Soy surcharge

Say No to the Soy Milk Surcharge. 50 Local Cafes that Won't Charge Extra for Those Who Don't Do Cow

Does it make sense to charge someone 50 cents extra just for soy milk?

Like many new graduates, I was working as a barista in Starbucks waiting for my first reporting gig to show up. My gainfully employed friends, many of whom had dietary restrictions, would come visit and order those sugary-sweet drinks with soy or lactose-free milk. I went against company policy each and every time and refused to charge them the extra coin for soy.

What I thought was a personal stand at the time has morphed into a wider issue in cafes across Toronto. Earlier this year Toronto vegetarian Sarah Veale made a post she called the Soy Latte Project to catalogue cafes that don't charge for soy or lactose-free milk.

It was a good idea but she must have gotten sidetracked as this list remains small and somewhat abandoned. So this week I called all the cafes listed on this site to see who's charging extra for soy milk in our lattes.

So what did I find out? Looking at the independents only, 34 currently apply an extra charge for soy milk - the price varies from 15 to 50 cents. Many baristas and owners who I talked to said they did so because soy milk costs more than the regular dairy stuff. But just over 50 of the cafes find a way to not add the soy milk surcharge and believe strongly that their customers should have their choice of milk regardless of the price.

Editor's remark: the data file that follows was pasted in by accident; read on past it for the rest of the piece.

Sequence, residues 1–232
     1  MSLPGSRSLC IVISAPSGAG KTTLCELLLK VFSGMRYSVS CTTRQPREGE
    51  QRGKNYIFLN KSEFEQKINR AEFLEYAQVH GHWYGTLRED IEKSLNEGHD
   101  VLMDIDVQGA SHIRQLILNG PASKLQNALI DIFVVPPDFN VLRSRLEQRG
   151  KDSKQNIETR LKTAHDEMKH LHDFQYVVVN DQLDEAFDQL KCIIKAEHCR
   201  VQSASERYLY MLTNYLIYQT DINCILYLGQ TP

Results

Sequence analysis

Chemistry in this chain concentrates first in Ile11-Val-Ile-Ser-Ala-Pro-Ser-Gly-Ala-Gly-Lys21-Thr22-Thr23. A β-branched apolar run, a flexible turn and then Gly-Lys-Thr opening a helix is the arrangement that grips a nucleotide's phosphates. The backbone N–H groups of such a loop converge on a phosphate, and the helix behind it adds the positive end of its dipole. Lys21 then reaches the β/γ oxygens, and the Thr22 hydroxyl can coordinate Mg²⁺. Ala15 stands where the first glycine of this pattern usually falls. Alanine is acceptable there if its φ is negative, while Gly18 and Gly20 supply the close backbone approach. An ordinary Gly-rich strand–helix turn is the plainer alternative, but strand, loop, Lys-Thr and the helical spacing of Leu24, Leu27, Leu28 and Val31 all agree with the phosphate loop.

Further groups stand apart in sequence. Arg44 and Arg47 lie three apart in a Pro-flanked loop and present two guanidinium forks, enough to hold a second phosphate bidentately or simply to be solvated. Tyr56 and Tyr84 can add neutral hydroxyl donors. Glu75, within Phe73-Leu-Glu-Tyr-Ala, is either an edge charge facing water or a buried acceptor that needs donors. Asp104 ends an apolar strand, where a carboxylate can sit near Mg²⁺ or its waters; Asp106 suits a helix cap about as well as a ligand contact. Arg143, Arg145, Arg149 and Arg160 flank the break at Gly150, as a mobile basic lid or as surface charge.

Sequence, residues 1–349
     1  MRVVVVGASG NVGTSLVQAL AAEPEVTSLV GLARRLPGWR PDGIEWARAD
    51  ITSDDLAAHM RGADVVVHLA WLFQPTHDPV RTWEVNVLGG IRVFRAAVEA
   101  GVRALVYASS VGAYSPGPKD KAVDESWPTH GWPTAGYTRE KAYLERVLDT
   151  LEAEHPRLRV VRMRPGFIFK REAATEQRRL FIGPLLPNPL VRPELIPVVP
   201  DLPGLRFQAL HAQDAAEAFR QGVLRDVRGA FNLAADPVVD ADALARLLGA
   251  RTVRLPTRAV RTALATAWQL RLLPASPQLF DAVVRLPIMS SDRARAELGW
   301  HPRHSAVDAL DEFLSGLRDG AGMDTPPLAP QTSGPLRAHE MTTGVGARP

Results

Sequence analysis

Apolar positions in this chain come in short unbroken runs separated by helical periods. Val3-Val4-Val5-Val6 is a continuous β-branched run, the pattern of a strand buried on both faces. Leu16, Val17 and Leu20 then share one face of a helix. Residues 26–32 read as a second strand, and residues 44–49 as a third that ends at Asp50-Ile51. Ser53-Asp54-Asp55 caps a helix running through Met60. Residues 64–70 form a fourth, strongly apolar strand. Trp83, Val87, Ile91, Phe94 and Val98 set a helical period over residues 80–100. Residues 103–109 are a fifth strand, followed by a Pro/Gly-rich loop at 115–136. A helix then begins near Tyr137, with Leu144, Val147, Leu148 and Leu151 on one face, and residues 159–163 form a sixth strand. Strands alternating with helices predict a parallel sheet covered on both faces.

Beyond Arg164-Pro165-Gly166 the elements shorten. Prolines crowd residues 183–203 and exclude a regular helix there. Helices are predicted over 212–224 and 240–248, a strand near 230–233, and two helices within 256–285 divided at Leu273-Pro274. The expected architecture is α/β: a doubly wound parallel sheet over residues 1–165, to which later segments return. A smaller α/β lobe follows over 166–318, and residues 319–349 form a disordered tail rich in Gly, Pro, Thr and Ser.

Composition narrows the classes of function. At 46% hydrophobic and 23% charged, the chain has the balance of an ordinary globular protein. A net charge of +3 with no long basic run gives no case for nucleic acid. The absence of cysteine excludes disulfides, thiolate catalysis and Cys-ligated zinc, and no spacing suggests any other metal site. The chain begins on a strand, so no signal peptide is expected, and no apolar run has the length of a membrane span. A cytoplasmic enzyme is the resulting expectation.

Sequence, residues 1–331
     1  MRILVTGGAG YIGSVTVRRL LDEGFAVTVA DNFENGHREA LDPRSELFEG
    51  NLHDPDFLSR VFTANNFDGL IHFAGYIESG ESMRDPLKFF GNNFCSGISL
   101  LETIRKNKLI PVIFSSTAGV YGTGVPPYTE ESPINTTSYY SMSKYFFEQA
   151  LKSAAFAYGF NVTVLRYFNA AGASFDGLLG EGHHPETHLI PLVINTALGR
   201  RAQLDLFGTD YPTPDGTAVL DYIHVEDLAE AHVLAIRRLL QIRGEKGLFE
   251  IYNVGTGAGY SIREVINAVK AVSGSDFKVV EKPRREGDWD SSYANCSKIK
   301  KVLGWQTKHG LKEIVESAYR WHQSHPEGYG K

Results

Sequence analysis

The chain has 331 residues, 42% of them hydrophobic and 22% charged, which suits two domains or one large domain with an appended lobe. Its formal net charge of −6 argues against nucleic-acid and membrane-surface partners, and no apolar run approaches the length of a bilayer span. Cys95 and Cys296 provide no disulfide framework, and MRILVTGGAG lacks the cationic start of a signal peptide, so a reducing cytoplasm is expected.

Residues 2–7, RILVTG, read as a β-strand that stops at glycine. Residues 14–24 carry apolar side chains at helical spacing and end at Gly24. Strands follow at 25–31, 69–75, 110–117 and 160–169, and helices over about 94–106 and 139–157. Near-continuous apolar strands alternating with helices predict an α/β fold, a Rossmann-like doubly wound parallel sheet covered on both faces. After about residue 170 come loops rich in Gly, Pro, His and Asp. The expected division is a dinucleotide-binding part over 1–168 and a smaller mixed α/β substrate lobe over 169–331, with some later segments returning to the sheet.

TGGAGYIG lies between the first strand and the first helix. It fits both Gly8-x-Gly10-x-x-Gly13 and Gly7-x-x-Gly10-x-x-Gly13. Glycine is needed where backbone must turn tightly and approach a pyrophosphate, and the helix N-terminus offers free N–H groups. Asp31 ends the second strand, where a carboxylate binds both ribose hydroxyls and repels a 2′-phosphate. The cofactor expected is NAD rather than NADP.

"Never have, never will," remarked someone I spoke with at Tango Palace Coffee Company in Leslieville.

As for Veale, she contacted Starbucks' corporate office to ask why they charge so much for soy, especially when a carton has a fairly long shelf life and runs less than $4 retail (Starbucks probably pays under $2) which is less than the price of one latte. She received a standard press release back citing the price of soy milk as the reason.

It doesn't take an economist to figure out this is really just a money grab. If a massive chain like Starbucks that charges more for a latte than almost any cafe in the city doesn't have the margins to absorb the extra costs of soy then they're in more trouble than Wall Street thinks.

Consider that Jet Fuel's better tasting and bigger latte only runs 3 bucks. And they don't charge extra for soy. The numbers just don't add up.

"Finding soy-friendly venues is one option that puts the power back in consumers' hands," Veale says. "We can go elsewhere. If some shops want to alienate soy drinkers, there are other entrepreneurs eager to step in and cater to that clientele."

And who are those entrepreneurs? Here's a map of 50 Toronto cafes that don't charge extra for soy.

Writing by Lyndsie Bourgon. Photo by Adam Fick on Flickr

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